Event Info

Date: Jun 10

Time: 11a

Location: 411 Carillon Drive, Luray, VA

Please join us for this dedication ceremony – and to help honor the memory and legacy of Bethany Veney.

Speakers at the event will include:

  • Benetta Kufour, great great granddaughter of Bethany Veney
  • Del Price, President of Shenandoah Valley Black Heritage Project
  • Jerry Dofflemyer, Mayor of Luray
  • Minister Audre King, ER Church
  • Rod and Isabel Graves, Luray Caverns
  • Keven Walker, CEO, Shenandoah Valley Battlefields Foundation

The remembrance garden is located at 41 Carillon Drive, Luray, Virginia, near the Bethel Baptist Church on Main Street in Luray.

The Bethany Veney interpretive marker is part of the Shenandoah Valley Battlefields Foundation’s Long Road to Freedom Project.

 Supported by a grant from the National Park Service, the Long Road to Freedom Project will create a Valley-wide trail to tell the story of African-Americans in the Shenandoah Valley during the Civil War era and during the long journey from Civil War to Civil Rights. Working with partners, the trail will link together historic sites and stories throughout the Valley with wayside interpretive markers, state historical markers, orientation panels, promotional materials, a trail-wide visitor guide, a website, and digital and technological tools.

Landscaping of remembrance garden courtesy of the Hill and Valley Garden Club and Brick House Nursery

Antique bench for garden courtesy of the Town of Luray and the Comer Family

Grounds, materials, and labor for site courtesy of Luray Caverns

Bethany Veney (c. 1813-1916)

Born into slavery (as Bethany Johnson) near Luray around the year 1813, Bethany Veney lived a remarkable life that she documented in her autobiography, Aunt Betty’s Story: The Narrative of Bethany Veney, a Slave Woman.

Bethany was 9 years old when her mother died; of her father, she recalled, “I knew nothing.”  She served under several owners, but found comfort when she converted to Christianity. In the late 1830s, she met and married a fellow slave, Jerry Fickland, but their marriage ended when he was sold and taken further south. Bethany’s daughter with Jerry, Charlotte, was born in January 1844.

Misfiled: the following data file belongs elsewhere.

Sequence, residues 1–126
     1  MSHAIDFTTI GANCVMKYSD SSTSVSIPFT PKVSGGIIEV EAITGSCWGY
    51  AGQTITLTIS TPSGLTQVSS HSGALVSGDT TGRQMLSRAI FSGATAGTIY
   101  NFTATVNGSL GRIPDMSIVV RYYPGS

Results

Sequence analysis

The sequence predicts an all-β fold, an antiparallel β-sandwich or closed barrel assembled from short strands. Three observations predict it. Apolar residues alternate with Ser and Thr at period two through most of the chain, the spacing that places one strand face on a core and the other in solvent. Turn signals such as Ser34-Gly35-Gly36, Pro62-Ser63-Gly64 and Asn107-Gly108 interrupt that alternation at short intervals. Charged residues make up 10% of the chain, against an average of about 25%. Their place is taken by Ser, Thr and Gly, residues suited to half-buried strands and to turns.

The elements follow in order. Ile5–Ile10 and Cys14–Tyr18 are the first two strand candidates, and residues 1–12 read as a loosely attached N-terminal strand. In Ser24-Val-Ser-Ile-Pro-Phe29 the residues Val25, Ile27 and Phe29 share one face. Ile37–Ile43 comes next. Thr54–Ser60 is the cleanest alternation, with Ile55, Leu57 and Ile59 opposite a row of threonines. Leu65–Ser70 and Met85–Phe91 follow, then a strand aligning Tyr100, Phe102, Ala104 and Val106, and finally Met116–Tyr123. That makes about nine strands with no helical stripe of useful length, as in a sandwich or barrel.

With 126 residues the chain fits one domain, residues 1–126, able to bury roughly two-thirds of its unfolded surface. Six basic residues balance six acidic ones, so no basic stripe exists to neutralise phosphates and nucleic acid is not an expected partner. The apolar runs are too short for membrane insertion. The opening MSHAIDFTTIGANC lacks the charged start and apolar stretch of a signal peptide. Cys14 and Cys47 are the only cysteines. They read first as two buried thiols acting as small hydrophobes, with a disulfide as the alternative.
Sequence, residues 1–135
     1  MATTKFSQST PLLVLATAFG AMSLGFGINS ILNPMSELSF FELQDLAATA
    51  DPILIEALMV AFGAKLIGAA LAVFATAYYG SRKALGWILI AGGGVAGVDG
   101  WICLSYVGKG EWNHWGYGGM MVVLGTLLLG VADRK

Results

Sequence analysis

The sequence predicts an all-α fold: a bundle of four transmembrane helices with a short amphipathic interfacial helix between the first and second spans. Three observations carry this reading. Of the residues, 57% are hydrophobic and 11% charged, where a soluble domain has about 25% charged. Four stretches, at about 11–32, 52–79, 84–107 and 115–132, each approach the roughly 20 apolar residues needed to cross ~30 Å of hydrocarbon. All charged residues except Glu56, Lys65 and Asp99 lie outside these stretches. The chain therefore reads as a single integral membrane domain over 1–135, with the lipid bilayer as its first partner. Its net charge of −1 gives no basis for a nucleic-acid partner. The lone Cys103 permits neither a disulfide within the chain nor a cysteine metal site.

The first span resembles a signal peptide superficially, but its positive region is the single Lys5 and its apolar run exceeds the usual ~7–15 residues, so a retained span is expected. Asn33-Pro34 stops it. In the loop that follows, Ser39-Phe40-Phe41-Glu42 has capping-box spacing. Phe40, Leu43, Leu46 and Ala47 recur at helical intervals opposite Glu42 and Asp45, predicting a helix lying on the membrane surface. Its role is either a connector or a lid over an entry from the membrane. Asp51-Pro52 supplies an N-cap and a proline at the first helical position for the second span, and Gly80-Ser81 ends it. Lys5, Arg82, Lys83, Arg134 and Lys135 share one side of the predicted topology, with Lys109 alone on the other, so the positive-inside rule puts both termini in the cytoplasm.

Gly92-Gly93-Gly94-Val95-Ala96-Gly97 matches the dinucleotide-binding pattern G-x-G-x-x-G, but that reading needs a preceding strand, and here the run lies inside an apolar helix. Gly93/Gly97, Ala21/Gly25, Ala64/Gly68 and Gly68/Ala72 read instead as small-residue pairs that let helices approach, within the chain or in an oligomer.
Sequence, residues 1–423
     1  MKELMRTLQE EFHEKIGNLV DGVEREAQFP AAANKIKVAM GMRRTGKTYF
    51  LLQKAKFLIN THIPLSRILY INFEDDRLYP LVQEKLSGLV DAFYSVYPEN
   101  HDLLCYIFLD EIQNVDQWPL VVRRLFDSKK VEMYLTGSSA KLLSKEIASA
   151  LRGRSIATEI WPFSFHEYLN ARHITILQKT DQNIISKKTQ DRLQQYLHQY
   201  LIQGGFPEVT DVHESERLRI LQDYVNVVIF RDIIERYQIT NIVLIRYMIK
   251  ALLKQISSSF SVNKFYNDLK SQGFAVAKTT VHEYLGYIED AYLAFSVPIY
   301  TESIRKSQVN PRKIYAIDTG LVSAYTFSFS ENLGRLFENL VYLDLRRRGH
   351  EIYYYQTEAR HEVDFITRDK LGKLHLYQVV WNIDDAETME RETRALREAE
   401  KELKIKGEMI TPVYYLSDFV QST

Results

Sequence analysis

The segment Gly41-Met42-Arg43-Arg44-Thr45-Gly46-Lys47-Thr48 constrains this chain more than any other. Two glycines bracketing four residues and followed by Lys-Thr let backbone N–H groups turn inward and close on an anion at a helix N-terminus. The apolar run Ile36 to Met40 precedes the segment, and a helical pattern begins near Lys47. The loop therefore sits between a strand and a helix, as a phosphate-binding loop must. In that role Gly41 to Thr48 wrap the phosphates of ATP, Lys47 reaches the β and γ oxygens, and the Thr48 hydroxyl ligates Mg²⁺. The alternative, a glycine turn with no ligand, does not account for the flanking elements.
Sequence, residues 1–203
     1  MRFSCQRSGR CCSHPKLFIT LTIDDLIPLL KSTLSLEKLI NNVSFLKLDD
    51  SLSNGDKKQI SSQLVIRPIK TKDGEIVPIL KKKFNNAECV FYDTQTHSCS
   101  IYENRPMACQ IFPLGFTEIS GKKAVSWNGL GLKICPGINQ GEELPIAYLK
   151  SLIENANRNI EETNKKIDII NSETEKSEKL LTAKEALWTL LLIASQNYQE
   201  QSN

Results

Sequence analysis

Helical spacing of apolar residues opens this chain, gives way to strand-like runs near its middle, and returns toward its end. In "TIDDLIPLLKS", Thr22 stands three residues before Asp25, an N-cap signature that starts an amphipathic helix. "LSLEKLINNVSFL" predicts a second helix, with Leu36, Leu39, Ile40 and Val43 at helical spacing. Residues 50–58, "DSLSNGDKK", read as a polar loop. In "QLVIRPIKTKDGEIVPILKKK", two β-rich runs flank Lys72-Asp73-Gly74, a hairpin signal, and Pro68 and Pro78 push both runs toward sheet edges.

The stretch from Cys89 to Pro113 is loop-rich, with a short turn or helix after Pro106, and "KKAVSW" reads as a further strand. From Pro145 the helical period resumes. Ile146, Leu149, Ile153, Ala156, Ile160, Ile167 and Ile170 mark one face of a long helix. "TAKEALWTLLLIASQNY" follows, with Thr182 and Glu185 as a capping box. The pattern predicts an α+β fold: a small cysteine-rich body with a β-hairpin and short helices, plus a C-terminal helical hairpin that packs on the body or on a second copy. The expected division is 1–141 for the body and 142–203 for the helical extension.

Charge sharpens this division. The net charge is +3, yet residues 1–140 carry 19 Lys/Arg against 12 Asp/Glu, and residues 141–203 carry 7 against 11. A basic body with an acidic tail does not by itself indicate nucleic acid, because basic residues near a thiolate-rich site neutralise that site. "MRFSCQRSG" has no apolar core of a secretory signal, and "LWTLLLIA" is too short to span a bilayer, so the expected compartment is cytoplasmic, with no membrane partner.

In the 1850s, while serving as a cook for free black men working on constructing a pike (roadway), she met and married her second husband, Frank Veney, with whom she had a son named Joe. When she returned to Luray, she was able to hire her time out and earned enough money to rent her own home.

Late in the 1850s, Bethany and her son were purchased by a northern mining speculator, then taken north to Rhode Island in 1859 and freed. Her daughter, Charlotte, Charlotte’s husband (Aaron Jackson), and Frank Veney were all still in Virginia. Bethany planned to return to the Valley, but John Brown’s 1859 raid on Harpers Ferry, the ensuing sectional tensions, and the Civil War that followed derailed those plans.

Late in 1859, as Bethany recalled, “my little Joe sickened and died.” She moved to Worcester, where she joined the Park Street Methodist Church and built a new life. (In 1867 she would help found the African Methodist Episcopal Bethel Church.)

When the Civil War ended, Bethany returned to the Shenandoah Valley, where, she recalled, “I found my daughter Charlotte grown to womanhood, married, and had one child.” She returned three more times, and eventually brought all 16 of her relatives back north.

Aunt Betty’s Story was published in 1889. At the close of her narrative, Bethany said, “My back is not so straight nor so strong, my sight is not so clear, nor my limbs so nimble as they once were; but I am still ready and glad to do whatsoever my hand findeth to do, waiting only for the call to ‘come up higher.'” Bethany died in Charlotte’s home in 1916.